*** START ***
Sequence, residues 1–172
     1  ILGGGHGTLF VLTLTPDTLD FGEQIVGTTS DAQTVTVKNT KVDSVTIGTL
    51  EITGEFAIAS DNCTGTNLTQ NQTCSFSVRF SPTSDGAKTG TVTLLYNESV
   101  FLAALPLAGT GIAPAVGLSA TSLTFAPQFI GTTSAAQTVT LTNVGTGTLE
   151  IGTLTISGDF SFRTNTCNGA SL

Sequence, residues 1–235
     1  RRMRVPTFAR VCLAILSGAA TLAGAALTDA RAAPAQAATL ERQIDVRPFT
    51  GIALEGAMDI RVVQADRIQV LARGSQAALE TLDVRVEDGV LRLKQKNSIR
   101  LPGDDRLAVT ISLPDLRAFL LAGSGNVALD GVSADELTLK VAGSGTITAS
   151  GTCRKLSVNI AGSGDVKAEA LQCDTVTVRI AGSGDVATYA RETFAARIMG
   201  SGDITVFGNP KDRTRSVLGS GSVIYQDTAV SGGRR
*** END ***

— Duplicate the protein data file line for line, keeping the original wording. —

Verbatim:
Sequence, residues 1–172
     1  ILGGGHGTLF VLTLTPDTLD FGEQIVGTTS DAQTVTVKNT KVDSVTIGTL
    51  EITGEFAIAS DNCTGTNLTQ NQTCSFSVRF SPTSDGAKTG TVTLLYNESV
   101  FLAALPLAGT GIAPAVGLSA TSLTFAPQFI GTTSAAQTVT LTNVGTGTLE
   151  IGTLTISGDF SFRTNTCNGA SL

Sequence, residues 1–235
     1  RRMRVPTFAR VCLAILSGAA TLAGAALTDA RAAPAQAATL ERQIDVRPFT
    51  GIALEGAMDI RVVQADRIQV LARGSQAALE TLDVRVEDGV LRLKQKNSIR
   101  LPGDDRLAVT ISLPDLRAFL LAGSGNVALD GVSADELTLK VAGSGTITAS
   151  GTCRKLSVNI AGSGDVKAEA LQCDTVTVRI AGSGDVATYA RETFAARIMG
   201  SGDITVFGNP KDRTRSVLGS GSVIYQDTAV SGGRR